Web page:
He goes around the house on a search for it, and comes back with a flying squirrel toy, ready to play. He bumps the laptop off my thighs several times to engage me, and we play. Later, he lets me know he’d like to go outside; we head to the basement, but he doesn’t want to wear his coat – he knows dogs don’t wear coats, and he hides behind the full clotheslines; we come to an agreement, and he permits me to put the coat on him.

We walk, but I don’t want to go to the park, so we walk through the neighborhoods; but when Woody gets to an arterial street which borders the park, he stops, looks, then looks at me, and pulls, to suggest that we should turn south right there and go to the park – because he’s actually in the mood for the park.

Woody Guthrie & the Twin Sycamores of Portage Park, Chicago 2016

When we finally arrive home after our very long walk, i dry his paws and legs one by one and also his undercarriage; he kisses my face in an annoyed gratitude; then, he lets me know he wants to be close – he has two comfy dog beds and my son’s vacant bed, but he wants to be near – and climbs into a deep club chair made for one – onto my lap – he weighs 65 lbs.

Continue reading “Sentience & the exclusive velveteening of pets and familiar animals”

Feed the wildlife! (a radical imperative)

I set out natural stone salt-licks year-round for deer in two spots on the perimeter of the land I occupy [I’ve witnessed birds, and I suspect other wildlife enjoy/require them too].

I buy bags of apples on sale and try to set out 5 lbs a couple evenings per week for the deer during winter; I cut up a few for possums and rabbits nightly.

Deer in the full Wolf Moon’s light right beneath the triptych windows,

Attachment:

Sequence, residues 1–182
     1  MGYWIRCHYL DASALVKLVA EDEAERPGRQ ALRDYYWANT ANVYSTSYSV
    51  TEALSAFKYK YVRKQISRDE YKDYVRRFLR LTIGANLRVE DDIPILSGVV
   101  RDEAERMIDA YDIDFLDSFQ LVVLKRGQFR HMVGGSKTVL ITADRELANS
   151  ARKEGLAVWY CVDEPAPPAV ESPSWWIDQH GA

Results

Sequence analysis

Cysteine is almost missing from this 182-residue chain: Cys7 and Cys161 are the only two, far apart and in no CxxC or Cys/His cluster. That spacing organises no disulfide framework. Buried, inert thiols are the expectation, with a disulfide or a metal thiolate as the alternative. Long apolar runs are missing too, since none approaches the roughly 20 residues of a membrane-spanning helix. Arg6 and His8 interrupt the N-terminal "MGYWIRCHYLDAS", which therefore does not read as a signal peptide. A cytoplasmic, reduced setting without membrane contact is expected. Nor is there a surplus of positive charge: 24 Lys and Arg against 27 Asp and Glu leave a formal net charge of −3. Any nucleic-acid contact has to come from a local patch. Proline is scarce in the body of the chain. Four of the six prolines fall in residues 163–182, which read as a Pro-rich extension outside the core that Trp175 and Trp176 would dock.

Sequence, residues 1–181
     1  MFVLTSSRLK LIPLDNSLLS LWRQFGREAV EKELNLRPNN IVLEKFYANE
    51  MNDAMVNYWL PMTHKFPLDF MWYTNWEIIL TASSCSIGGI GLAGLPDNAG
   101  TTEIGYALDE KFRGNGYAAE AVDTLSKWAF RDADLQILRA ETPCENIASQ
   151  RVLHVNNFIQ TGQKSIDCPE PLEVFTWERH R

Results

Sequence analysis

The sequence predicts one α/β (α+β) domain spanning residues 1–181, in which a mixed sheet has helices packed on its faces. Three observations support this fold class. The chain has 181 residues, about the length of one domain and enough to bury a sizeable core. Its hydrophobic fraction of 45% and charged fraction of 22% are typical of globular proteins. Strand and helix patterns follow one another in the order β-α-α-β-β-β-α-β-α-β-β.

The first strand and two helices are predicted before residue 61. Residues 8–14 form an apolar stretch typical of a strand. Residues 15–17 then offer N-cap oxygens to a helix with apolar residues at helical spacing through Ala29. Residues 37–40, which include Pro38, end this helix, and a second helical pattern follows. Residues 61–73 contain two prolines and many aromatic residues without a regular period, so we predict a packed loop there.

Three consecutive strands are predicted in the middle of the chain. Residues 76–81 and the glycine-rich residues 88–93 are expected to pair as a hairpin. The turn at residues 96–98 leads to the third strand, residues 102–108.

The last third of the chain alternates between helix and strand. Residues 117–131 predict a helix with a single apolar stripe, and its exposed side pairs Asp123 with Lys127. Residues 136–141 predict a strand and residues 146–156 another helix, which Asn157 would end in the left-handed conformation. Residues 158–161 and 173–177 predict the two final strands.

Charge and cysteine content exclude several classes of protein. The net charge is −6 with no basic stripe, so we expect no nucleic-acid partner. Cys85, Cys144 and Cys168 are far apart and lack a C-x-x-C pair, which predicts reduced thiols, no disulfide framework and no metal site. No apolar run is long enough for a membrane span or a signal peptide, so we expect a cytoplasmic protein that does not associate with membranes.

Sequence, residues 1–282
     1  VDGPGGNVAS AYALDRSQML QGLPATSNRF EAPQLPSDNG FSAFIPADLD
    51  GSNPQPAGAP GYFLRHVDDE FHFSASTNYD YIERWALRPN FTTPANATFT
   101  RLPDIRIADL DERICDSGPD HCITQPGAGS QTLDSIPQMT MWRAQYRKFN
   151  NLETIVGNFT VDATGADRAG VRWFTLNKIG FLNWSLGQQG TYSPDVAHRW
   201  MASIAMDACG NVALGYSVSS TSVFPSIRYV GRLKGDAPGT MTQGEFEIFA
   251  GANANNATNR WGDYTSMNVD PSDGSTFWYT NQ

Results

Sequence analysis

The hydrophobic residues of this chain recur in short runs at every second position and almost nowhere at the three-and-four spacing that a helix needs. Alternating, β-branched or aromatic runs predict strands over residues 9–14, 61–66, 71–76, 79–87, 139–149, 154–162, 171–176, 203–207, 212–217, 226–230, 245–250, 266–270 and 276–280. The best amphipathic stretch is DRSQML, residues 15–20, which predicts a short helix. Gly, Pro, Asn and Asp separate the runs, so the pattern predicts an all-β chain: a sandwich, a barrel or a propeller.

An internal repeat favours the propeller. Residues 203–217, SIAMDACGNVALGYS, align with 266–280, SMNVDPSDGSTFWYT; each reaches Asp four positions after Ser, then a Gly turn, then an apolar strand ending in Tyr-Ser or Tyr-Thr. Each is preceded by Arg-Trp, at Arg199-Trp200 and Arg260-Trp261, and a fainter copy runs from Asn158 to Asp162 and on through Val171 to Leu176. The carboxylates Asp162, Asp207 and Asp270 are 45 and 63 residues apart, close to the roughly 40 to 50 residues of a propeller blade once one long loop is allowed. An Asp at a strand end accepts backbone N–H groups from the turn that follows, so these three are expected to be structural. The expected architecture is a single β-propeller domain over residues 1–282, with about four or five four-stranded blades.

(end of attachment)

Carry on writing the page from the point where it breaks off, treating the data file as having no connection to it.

January 28, 2021
A deer foraging not on apples I set out, but on “weeds” – wildflowers, herbs and grasses
just beneath the triptych picture windows of my living room as I went to open the drapes to the Full Moon’s light – a second dawn, just before I retired to bed at 1:00 AM in the morning.

I feel like the salt lick, the small sweet apples and fruit scraps are my insignificant attempt at respect, alms, honoring and reparations for all we have destroyed and to the survivors who endure and remain in the middle of a cold winter. This is agro country, and not a speck of corn or fruit is left behind for wild animals in the barren cornfields and orchards that were once forests filled with acorns, walnuts, pine nuts, pawpaws and twigs – and prairies filled with grasses, herbs and wildflowers.

Continue reading “Feed the wildlife! (a radical imperative)”


my hair holds memory,
i know this because

i cut my own hair today

her, at ten.

as i held the ends

in my hands

i said


did you touch the Merced with me and my boy?

i said,

do you remember my father?

and my other precious loss?

i said,

do you remember the first dog?

i said,

were you here when

i still loved

and was loved?

i said,

you were there when my mother was so near death’s door

i said,

and when i found and lost,

and lost and found, my Self again?


i still have possessions from all those times

and places

but no skin,

my skin long shed, my bone resorbed

and renewed over and over

but my long hair is still me from many years ago

that is why hair is so precious,

i thought,

this is the genesis

of what i have always

mistook as phobia

but no,

i know today


physical memory is held particularly, and only, in my hair

more than Samsonian

or vanity

or femininity

my long hair


my body
my health
my energy
my sensation
my emotion
my years
my identity
my essence

thank you

for growing

for remembering

for showing

for staying

for flowing

for tangling

for blowing

for graying

for glowing

for floating

for knowing

with me

all these years


no more cuts
without ceremony

i promise
i will never agree to lose you